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‘The Guest’ Writer & Director Discuss ’80 Influences, Their Aborted ‘You’re Next’ Sequel & More

'The Guest' Writer & Director Discuss '80 Influences, Their Aborted 'You're Next' Sequel & More

When it comes to the current world of horror cinema, there are few filmmakers as beloved as writer Simon Barrett and director Adam Wingard. These are the guys who supplied screams via the first two “V/H/S” movies and made a minor breakthrough last year with the action/horror hybrid “You’re Next.” But all of that seems like a blip compared to “The Guest,” their new thriller that goes wide this weekend. A tightly coiled, neon-lined suspense piece about a disturbed vet (played by “Downton Abbey” star Dan Stevens) who visits the family of a fallen comrade, the movie is at turns silly, scary, and cringe-worthy. In short: it’s pure Barrett/Wingard. We got to talk to the two about what genres they’d want to tackle, the inspiration behind “The Guest,” and what the plot for their aborted “You’re Next 2” would have been.

Talking to Barrett and Wingard, you get the sensation that they are two halves of the same brain,  answering questions almost in tandem. They are also, for men who spend their lives dabbling in the seedier sides of life, totally wonderful fellows. It should also be noted that it was during our interview that the news broke that they were attached to the remake of “I Saw the Devil,” so sorry, no details on that project here.

Where did “The Guest” come from? Was any of it left over from the Warner Bros. project?
Wingard: No. The real leftovers come from our initial idea following “You’re Next,” which was to shoot an action film in South Korea. There was a lot of neon, and there were these major dance club sequences. With that one, visually I was really excited about doing something really colorful and different in that sense. That definitely bled into “The Guest” in a very literal way. As the movie evolved, I kept trying to get more of those colors in there. So even though this is a movie that takes place in a small, quaint desert town, somehow we managed to fit in all that South Korean neon flair.

Barrett: I just realized the other night that the mirror maze is even a bit of a cannibalization from the Korean script. There was a shootout that goes into an amusement park in the Korean script, and we kept a fragment of that in the Halloween maze.


What happened with that?
Barrett: It’s really hard to make movies in Korea.

Wingard
: We really never cracked the code on that. For one, when we went to Korea… This is why you don’t just spin the globe and say, “this place looks cool, let’s shoot there.” We went there and realized that there’s a reason you don’t see a lot of American movies shot in South Korea, which is that they just make movies completely different than we do.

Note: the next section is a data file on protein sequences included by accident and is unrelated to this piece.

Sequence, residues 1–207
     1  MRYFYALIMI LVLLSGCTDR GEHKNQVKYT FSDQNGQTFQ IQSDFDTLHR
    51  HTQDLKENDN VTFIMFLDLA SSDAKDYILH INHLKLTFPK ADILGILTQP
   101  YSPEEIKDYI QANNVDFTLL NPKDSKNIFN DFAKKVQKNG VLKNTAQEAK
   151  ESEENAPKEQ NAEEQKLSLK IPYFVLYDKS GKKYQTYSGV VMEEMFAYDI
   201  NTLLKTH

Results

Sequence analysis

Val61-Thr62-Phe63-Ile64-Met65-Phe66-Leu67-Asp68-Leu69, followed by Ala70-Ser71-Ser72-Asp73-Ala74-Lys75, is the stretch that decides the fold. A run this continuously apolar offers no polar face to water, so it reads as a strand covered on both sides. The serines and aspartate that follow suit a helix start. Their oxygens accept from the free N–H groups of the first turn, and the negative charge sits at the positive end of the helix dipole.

Barrett
: We wanted to make a movie in Korea because we like Korean movies.

Wingard
: Right. We like the aesthetic of it, like “I Saw the Devil” and “Oldboy” and all that stuff.

Barrett
: But that doesn’t necessarily translate to people like us who don’t speak Korean and don’t understand Korean culture. But even beyond that, the script had a lot of good action, but the overall story was never that solid. The experiment was to do something that was an endless, relentless action set piece. And unlike something like “Gravity,” which had come out after we had abandoned this [project], I never really found a reason to keep that action constantly going. If characters were talking in the script, they were always going to be in motion.

Wingard
: The reason it worked in “Gravity,” just the stylization of having characters floating through space, from the get-go meant that you were always going to be astonished on something visually.

Barrett
: We realized that the script was going to take a year to shoot in Korea.

Wingard
: And eat up a lot more resources than we had. The thing about Simon’s script was that it had one of the best car chases ever. It was between 30 and 50 pages of the script. It was a pure car chase. Simon did some crazy stuff. But it worked out really well because we found out on “The Guest” [that] we have one car crash and it took us three tries to do.

Barrett
: Which were filmed weeks apart because we had to wait to fix the cars.

Wingard
: There was a certain point when we got bogged down in this process: we thought, “we are the only people on the planet who cannot wreck two cars into each other on purpose.” As these cars are missing each other, there are hundreds of cars slamming into each other on accident right now.


Can you talk about the eighties aesthetic that “The Guest” has?
Wingard: When I read Simon’s script for the first time, it spoke to me in that way. It had that same sensibility to it. It was always how far down the road do you want to go with that eighties look. Because there’s a lot of interpretations about what that means. For me it was less about trying to do the “Grindhouse” thing where you’re trying to authentically replicate it to a T down to the scratches in the film. To me, it was about representing the idealized version of what eighties movies look like, which is a lot of color but always shot in 2.35:1 with a lot of camera movement and things of that nature. But it wasn’t something where we were trying to imitate it but we wanted the essence of it. A lot of that stylization comes from the music more than anything else.

Can you talk about the music? John Carpenter obviously seemed like a huge influence.
Wingard: Well the first conversations I had with Steve Moore, the composer for the film, was about two soundtracks: the original “Terminator” soundtrack by Brad Fidel and the other was “Halloween III” by John Carpenter and Alan Howarth, which was one of the few John Carpenter scores for a movie he didn’t direct himself. I was attracted to Steve in the first place because he only uses vintage equipment. He doesn’t use anything made past 1990. He’s not using programs. He’s not using samplers. There’s an inner soul within these old synthesizers.